Lazette Gifford
Publisher & Editor
zette@cableone.net

 

Two Paths to Book Publication

By Lazette Gifford
2005,
Lazette Gifford


I almost feel as though I should start this article with the (far too) often quoted words, It was the best of times, it was the worst of times. Right now those words could apply to both ends of the professional book publishing spectrum, from the big houses in New York to the small ebook publishers on the Internet.

Anyone who has investigated publishing knows that changes have occurred in the last few years.   New York print houses have been consolidating, and nearly all of them have closed their doors to unsolicited manuscripts.  Agents have become their slush pile readers, and now are inundated with material, which makes it far harder to get their attention.  And once a person does make the big sale to a publishing house, the balance of her career rests in the hands of distribution, big book chains, and a computer system.  Midlist writers have practically disappeared, and either you are a big name or a new name -- which might be you, starting all over with a new pen name and few chances at alerting the fans of your previous books.

Of course, it never has been an easy business.  However, even with all the frustrations of going to one of the big publishing houses, they are still, without a doubt, the best path for any writer considering a career.  The New York publishing houses (and a few outside that area, of course) have the money.  This is where you make a good advance, and where your book has the potential of selling in the big stores across the nation.  This is the path you want to reach.  No matter how frustrating the business of publishing can be, getting your book chosen for one of those rare open spots in a big company's monthly release list means money, prestige and even vindication for those who need to prove that they can make it.

So why would anyone go to what seems to be the complete other end of the spectrum, and choose a small press or ebook publisher?

The main reason is that there are very few spots open in the big publishers, and once your wonderful, well-written book is turned down by a publisher, you cannot send it back again next month hoping for another try.

The big publishers, rightly so, are very aware of markets and what they believe is going to sell the most books.  They study trends, look at upcoming movies, and try their best to guess which of the thousands of books that cross their desks are going to draw the most readers.  A strange book that the marketing department doesn't think will quite complement the rest of the company's books is not going to be picked up.  It may be a perfectly fine story; it just doesn't fit into the right pocket for them.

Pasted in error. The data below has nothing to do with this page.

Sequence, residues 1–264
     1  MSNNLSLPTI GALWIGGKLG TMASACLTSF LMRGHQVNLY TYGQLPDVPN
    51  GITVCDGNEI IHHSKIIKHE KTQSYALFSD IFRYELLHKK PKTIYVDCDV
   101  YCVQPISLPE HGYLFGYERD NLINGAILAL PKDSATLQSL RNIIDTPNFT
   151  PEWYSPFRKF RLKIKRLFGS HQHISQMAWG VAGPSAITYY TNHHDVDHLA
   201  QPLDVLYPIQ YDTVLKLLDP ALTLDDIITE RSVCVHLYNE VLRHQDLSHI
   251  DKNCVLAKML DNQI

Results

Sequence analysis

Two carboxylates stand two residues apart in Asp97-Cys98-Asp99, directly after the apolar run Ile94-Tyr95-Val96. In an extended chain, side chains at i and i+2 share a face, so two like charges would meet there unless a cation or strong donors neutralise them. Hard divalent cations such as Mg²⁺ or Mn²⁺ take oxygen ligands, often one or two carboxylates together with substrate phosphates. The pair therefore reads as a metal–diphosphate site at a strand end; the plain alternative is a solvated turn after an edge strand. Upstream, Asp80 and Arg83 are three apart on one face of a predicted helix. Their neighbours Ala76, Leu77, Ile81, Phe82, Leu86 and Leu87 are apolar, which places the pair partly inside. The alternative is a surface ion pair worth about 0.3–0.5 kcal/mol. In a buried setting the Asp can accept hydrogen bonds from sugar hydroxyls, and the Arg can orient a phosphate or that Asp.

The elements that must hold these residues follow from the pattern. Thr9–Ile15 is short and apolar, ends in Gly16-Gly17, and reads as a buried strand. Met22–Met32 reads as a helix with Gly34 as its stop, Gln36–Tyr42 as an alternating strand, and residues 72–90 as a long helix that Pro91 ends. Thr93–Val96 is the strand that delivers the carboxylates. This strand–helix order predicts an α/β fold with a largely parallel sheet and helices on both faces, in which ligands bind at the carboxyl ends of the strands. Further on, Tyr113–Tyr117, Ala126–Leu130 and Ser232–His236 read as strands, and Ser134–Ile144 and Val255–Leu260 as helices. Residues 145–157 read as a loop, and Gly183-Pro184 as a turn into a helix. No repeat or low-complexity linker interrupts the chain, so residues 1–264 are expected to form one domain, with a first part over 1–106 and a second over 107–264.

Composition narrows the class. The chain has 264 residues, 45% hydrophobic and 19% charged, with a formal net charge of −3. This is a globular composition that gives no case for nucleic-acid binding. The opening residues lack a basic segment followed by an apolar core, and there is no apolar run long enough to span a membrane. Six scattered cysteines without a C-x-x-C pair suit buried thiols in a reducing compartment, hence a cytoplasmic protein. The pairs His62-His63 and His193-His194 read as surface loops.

Sometimes it's as little a thing as having a book that is too close to what someone else has recently published.  Or sometimes you may have just missed a 'trend' that is on the way out by the time your book is finished, edited, and through the slush pile.

Small press or ebook publication gives that novel a chance to be read.  It is not as prestigious as being published by the big name print companies, and it's not easy to make money -- though the potential is still there.  (Please see this issue's article on small press to read about those opportunities.)

There are, of course, several problems with ebook publications.  The worst to overcome is that many people balk at reading books on a computer or handheld device.  That attitude is changing somewhat as people realize that reading a book in bed in the dark with a little handheld PDA is a wonderful experience if you don't want to keep your significant other awake with a bright light and turning pages.  It's also the choice of many business travelers who find that they can carry more books than they can read with them in the handy little PDA.  Ebooks are convenient, and more people are opting for that convenience when they find that it suits their needs.